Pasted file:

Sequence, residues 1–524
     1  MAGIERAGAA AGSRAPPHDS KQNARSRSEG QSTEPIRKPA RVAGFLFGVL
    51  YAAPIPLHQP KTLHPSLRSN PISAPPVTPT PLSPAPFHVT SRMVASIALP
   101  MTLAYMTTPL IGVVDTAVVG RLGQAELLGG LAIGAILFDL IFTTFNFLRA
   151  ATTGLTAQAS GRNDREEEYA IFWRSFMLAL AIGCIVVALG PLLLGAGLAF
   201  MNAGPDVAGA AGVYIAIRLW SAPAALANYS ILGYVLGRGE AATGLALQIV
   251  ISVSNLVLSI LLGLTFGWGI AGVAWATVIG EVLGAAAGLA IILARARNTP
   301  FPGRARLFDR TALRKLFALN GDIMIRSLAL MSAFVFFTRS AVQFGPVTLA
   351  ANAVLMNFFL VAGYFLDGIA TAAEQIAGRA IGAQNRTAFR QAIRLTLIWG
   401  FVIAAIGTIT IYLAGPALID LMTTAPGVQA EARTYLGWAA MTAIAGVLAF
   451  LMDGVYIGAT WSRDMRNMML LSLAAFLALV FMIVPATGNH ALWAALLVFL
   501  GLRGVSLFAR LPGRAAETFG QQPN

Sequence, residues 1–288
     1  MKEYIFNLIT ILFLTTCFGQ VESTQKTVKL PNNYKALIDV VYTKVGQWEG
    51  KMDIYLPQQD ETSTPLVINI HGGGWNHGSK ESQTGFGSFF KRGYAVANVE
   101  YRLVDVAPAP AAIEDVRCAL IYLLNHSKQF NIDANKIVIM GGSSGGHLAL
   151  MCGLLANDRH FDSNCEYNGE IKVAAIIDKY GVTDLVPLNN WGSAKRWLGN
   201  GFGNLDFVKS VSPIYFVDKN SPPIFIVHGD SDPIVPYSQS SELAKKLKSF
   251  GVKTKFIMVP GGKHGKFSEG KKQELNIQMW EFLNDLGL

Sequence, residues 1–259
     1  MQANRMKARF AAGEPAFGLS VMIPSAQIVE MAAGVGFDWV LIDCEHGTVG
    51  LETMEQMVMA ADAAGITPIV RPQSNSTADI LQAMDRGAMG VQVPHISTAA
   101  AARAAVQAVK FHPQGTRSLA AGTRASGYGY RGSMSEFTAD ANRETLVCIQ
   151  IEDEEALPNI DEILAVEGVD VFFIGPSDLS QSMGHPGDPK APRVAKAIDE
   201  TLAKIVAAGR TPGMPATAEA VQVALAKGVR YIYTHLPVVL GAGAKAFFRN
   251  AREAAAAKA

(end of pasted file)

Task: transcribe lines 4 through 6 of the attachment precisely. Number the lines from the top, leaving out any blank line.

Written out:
   101  MTLAYMTTPL IGVVDTAVVG RLGQAELLGG LAIGAILFDL IFTTFNFLRA
   151  ATTGLTAQAS GRNDREEEYA IFWRSFMLAL AIGCIVVALG PLLLGAGLAF
   201  MNAGPDVAGA AGVYIAIRLW SAPAALANYS ILGYVLGRGE AATGLALQIV